I’ll pick my chronology back up. By Saturday, events were getting cancelled left, right and centre. I went on a great outdoor guided tour given by my friend Donovan (not cancelled) and then to a music event at a bar (where, at the end, a vote was taken and a hiatus declared.
The event I was supposed to go to in the Lanaudière with my friend Guillaume was cancelled as well, but I didn’t think much of that. I woke up early the next morning, worked a bit and went for coffee with my friend Vlad, a Haitian poet who I hadn’t seen since before Africa, who was, as usual, bubbling over with ideas for everything from kids’ books to stage plays to manga. We hugged as I got off the metro at Peel to go buy gym clothes at Winners — I’d been hoping to start going to the gym again but then I realized that my gym clothes had gotten lost during one of my moves. So I went to buy gym clothes, and vegetables, and went to lunch at my friend Claudio’s place. Suddenly, just as we were finishing, the premier’s voice came on the radio. There were new day care centres being opened for the children of essential workers, OK, great. Then he announced that gyms, bars and libraries were being ordered to close.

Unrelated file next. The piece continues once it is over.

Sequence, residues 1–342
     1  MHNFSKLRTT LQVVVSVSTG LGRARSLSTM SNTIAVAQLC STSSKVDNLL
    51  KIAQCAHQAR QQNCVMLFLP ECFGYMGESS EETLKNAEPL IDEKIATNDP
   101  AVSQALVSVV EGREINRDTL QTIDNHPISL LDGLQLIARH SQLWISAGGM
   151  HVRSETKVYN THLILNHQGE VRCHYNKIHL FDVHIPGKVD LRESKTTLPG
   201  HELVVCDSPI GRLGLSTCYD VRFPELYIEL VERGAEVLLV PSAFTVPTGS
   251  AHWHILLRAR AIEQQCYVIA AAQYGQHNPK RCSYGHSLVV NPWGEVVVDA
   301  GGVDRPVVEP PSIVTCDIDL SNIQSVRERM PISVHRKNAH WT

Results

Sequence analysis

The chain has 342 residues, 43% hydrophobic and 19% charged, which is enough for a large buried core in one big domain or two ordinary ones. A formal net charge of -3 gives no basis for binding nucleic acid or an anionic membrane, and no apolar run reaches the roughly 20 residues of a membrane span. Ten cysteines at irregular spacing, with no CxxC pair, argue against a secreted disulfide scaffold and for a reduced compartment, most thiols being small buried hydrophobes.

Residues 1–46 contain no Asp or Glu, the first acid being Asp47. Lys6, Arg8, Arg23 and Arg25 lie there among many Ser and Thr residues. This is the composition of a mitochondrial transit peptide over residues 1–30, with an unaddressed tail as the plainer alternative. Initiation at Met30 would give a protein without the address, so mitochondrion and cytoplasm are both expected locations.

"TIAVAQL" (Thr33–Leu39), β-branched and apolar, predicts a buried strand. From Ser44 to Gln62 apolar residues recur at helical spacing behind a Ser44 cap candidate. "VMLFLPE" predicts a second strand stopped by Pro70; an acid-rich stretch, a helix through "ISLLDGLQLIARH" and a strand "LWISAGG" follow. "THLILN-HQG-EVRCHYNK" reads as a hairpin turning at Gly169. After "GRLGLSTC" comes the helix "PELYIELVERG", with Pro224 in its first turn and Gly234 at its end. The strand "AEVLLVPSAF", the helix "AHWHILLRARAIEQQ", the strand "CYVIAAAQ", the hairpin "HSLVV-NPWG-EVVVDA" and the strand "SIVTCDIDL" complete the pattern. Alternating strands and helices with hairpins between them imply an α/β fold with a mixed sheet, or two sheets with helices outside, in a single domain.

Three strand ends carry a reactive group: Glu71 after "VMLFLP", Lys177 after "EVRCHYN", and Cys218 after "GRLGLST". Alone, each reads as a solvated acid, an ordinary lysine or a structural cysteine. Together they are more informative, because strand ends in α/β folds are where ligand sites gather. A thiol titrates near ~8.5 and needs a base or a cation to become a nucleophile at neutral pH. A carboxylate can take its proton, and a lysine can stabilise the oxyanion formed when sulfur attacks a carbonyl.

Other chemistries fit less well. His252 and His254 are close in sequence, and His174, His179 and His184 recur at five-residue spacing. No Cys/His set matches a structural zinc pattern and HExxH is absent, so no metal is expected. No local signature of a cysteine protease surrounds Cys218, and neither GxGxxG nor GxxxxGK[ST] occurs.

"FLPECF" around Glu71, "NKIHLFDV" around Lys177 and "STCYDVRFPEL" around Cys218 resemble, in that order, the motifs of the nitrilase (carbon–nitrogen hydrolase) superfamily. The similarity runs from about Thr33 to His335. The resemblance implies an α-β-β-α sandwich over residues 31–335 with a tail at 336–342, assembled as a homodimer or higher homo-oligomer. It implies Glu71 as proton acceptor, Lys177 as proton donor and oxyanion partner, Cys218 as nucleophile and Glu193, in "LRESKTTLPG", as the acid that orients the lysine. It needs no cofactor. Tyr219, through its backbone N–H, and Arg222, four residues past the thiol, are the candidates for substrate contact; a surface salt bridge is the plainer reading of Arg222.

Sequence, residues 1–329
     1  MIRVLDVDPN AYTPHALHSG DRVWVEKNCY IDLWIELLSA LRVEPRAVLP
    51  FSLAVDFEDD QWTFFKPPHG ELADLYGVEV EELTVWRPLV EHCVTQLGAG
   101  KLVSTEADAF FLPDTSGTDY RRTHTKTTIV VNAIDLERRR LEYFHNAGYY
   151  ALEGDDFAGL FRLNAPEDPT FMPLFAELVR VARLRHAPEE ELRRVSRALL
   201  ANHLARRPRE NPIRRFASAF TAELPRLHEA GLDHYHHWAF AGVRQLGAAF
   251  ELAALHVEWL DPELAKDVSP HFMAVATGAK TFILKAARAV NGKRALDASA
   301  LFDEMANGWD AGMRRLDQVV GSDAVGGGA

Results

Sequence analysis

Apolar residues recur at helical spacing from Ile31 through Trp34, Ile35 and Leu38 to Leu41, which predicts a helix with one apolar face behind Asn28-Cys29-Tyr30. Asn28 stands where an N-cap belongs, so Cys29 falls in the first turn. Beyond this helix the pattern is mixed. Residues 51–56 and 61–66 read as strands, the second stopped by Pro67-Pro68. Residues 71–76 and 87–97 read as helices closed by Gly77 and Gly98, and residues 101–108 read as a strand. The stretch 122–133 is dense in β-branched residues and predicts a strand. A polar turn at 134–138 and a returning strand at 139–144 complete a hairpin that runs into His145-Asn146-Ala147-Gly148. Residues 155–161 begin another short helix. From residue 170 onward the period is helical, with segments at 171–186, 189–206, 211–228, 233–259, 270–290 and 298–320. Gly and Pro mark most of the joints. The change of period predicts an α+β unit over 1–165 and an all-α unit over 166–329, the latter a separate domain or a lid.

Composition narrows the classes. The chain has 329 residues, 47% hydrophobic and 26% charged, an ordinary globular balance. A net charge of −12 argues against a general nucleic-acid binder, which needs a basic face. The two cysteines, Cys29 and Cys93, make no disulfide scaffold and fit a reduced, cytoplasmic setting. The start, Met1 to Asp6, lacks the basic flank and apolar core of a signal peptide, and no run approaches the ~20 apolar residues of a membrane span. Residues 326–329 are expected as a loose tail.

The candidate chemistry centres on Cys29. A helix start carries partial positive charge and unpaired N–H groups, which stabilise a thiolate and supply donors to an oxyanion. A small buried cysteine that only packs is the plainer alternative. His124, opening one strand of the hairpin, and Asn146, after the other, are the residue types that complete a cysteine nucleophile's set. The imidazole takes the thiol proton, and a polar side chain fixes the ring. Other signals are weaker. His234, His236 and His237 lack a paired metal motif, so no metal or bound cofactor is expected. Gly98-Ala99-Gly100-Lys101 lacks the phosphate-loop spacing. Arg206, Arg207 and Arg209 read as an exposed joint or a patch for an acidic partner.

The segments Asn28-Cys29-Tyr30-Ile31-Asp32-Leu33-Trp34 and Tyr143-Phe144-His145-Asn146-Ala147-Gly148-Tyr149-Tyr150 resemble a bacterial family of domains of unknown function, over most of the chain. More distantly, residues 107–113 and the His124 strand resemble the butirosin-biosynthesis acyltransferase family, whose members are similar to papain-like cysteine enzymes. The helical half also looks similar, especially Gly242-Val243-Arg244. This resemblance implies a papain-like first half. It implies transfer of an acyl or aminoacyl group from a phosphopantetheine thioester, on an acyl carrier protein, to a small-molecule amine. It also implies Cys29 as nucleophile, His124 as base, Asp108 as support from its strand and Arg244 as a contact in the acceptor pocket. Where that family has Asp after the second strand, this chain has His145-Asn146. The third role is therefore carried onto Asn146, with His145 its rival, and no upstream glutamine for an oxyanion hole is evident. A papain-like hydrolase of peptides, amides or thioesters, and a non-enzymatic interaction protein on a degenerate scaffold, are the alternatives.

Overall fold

That stopped me short. Gyms, bars and libraries…the places where people went to escape from the mess of the everyday. The bar where Claudio and Guillaume and Alain and I saw our friends every Monday — shuttered. Restaurants and cafés were not initially closed, but were restricted such that some of them just switched to providing takeout-only service.
We were also being told to practice social distancing — to stay at least six feet apart from any human we might meet. In that moment, Claudio and I couldn’t social distance — we just held each other. “Normal” was gone, and who knew when it would return? Then he drove me home, even though I perfectly well could have taken the metro — although I’m glad he did drive me, because that meant we both spent 15 more minutes in the company of another human before it became taboo. Then we both started our self-isolation…which will probably last months.
I’d always been bewildered in the past when I’d heard about AIDS patients in Africa continuing to have high-risk sex, or families of people who had died of Ebola touching the bodies even though they’d been told that they were likely to give themselves the disease that way. “Why don’t these people just stop?” I wondered. Years later, I took a class on communication in humanitarian contexts, where I was told that “culture always wins” when adopting a new habit is a question of respecting a culture versus keeping safe physically. “Why?!” I still thought.
Now I think I get it. Hugging is part of our culture. Coming together in bars to listen to music, or in coffeeshops to talk and talk and talk, is part of our culture. It just is. And it has been cut off from us, for our safety. And I feel like I’m wasting away without it, especially without the hugging. Goodness knows how we’re all going to get through this.